It should be clear when reading through the above code that the syntax of partial view looks the same as a regular view. The important take-away is not about the syntax but how the partial view is used. However, a syntactic benefit to developers is the consistency between both partial and full views, particularly when we need to share data between them.

Sharing Data between views and partial views

It’s a common occurrence to pass data between components of an application, and in this case those components are MVC partials, views & controllers. As previously noted, you should use the ViewBag or ViewData classes to share data across views and controllers. First, a few notes on ViewBag and ViewData:

  • ViewData was available in previous versions; ViewBag was released with MVC 3.
  • ViewData can contain any type of data in a name-value pair format. I.e., ViewData[“Message”] = “Welcome”;
  • ViewBag objects are just wrappers around ViewData objects, and allow developers to code to them using strongly typed syntax.
  • ViewBag objects can be extended by simply setting properties in a more fluent syntax. I.e.,  ViewBag.Customer = new Customer(1,”Smith”);

If code in a controller uses either the ViewBag or ViewData classes, those classes will be available throughout the view’s lifecycle, and that includes its partial views.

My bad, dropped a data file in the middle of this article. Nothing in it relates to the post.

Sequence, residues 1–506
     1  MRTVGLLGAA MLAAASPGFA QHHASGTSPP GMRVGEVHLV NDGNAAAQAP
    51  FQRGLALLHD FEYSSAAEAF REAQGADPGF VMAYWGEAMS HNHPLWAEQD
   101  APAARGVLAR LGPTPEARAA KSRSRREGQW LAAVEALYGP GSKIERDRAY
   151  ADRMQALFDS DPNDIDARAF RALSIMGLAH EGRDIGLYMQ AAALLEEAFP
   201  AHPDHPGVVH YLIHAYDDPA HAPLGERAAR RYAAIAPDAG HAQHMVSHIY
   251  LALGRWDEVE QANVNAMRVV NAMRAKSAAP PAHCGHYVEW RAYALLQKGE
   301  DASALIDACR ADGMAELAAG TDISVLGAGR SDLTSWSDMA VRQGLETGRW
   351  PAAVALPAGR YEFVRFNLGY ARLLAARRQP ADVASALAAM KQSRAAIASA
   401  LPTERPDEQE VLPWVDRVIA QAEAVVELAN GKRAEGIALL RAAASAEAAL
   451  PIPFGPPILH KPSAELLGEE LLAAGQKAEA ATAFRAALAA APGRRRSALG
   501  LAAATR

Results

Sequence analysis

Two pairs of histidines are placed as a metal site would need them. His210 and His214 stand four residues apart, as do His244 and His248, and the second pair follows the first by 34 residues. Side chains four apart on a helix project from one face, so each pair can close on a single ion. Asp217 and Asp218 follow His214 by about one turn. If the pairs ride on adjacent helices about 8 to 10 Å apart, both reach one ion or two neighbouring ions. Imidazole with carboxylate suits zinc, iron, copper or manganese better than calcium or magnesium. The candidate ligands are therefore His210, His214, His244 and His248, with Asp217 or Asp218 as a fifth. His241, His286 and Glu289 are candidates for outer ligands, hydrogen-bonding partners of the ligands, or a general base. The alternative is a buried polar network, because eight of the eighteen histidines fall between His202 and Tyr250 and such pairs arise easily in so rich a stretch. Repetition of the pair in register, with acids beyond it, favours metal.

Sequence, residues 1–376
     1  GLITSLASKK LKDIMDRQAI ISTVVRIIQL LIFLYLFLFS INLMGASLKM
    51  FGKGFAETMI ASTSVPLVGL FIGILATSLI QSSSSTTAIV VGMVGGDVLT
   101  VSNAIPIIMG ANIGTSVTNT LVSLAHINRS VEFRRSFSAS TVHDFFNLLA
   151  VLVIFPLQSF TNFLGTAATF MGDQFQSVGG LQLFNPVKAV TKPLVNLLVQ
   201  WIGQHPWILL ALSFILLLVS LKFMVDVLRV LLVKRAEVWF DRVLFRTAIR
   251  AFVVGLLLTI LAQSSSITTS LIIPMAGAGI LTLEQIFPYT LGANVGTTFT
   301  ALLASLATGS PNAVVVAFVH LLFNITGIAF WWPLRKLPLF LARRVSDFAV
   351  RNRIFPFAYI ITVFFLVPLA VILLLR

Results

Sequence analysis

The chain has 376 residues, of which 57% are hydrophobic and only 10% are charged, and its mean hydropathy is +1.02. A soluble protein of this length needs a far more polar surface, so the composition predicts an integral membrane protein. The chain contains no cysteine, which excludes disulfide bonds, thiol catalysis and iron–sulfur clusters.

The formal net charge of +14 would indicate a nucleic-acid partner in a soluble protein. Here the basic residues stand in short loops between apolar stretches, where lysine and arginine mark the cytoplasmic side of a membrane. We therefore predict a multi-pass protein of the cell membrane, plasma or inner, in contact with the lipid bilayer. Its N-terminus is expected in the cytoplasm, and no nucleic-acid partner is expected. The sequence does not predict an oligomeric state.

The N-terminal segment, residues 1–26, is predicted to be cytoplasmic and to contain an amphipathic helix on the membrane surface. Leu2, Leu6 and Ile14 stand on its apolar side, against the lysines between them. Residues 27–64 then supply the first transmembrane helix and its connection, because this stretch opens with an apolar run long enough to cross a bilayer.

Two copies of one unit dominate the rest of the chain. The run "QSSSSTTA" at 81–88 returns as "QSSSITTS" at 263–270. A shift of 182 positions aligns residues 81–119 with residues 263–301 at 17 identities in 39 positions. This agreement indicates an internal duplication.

The preferable object is the ViewBag. Because of its more fluent and dynamic syntax, there’s more complex objects that can be shared quite easily between components. The sample below demonstrates setting up the ViewBag object in the controller so it will be available to all necessary components:

ProductModel productModel = new ProductModel();        
public ActionResult Index()
    ViewBag.FeaturedProduct = new FeaturedProduct(105, "The Most Awesome Bike Ever!", 1000.00M, "bike4.png");          
    return View(productModel.Products);           

The ViewBag is accessed inside the view or partial using the follows syntax:



Partial views are a great way to reuse fragments of HTML and Razor syntax together, with the ability to easily share data.


Introducing Razor

Introducing MVC Development w/the Razor View Engine